News that the Eurozone crisis is causing a tightening of lending around the globe is the most emphatic sign yet that European leaders do not have a plan to save the common currency and that the consequences will ripple far beyond the continent. Even strong, stable Germany had difficulty finding buyers for its government bonds last week.
There’s just too much bad debt, too many dodgy bets, banks don’t trust banks, and the European Central Bank is unable to be an effective lender of last resort as is the U.S. Federal Reserve. Writing on Bloomberg, Peter Boone and MIT economist Simon Johnson say bluntly, “this is the beginning of the end of the Eurozone”:
The path of the euro zone is becoming clear. As conditions in Europe worsen, there will be fewer euro-denominated assets that investors can safely buy. Bank runs and large-scale capital flight out of Europe are likely.
The prediction market InTrade now puts the odds of a complete euro collapse before the end of the year at 50 percent. But even if the Germans and French push out the weaker countries, the surviving eurozone will be much weaker. The continent is already in a recession and for some countries decades of pain lie ahead. Among the other shoes to drop: Contagion to American banks and hedge funds that have lent to European banks or done gambling on the crisis (e.g. MF Global).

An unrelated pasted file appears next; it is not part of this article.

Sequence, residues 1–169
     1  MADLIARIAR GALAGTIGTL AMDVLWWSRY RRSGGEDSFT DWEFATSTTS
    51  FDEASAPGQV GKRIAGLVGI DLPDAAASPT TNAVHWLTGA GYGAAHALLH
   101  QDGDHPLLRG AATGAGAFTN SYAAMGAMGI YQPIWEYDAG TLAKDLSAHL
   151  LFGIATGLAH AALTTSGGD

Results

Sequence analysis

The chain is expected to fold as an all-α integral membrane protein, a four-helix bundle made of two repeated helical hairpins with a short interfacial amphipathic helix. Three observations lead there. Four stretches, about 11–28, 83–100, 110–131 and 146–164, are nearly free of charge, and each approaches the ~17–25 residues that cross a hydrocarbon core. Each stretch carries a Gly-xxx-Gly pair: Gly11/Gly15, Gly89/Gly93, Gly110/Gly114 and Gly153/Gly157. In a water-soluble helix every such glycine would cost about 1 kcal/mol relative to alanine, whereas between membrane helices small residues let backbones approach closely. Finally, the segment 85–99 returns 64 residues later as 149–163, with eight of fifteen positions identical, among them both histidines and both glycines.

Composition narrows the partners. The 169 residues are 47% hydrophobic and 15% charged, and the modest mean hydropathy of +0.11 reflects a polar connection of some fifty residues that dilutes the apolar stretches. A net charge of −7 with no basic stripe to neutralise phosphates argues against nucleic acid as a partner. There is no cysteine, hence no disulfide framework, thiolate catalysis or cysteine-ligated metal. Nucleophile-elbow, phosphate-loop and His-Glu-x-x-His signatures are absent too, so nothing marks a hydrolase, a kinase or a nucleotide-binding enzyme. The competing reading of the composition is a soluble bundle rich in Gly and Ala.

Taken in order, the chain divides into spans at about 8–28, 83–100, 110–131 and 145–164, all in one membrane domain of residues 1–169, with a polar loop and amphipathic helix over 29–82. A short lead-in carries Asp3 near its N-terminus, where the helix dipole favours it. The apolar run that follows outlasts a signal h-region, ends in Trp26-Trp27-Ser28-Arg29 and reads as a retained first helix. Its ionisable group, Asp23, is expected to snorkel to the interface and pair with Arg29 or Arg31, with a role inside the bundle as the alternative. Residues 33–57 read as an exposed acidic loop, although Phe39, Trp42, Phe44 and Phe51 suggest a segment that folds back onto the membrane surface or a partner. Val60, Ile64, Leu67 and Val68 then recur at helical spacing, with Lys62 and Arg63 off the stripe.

Contagion won’t stop there. A Euro-recession will be another drag on slow American growth — a big one. And Washington is one of the larger trading partners with Europe among American states. Barring an attack on Iran that causes an oil-price spike, this will be the dominant economic story of the season.
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Today’s Econ Haiku:
Boeing should be fine
In AA bankruptcy mess
Workers not so much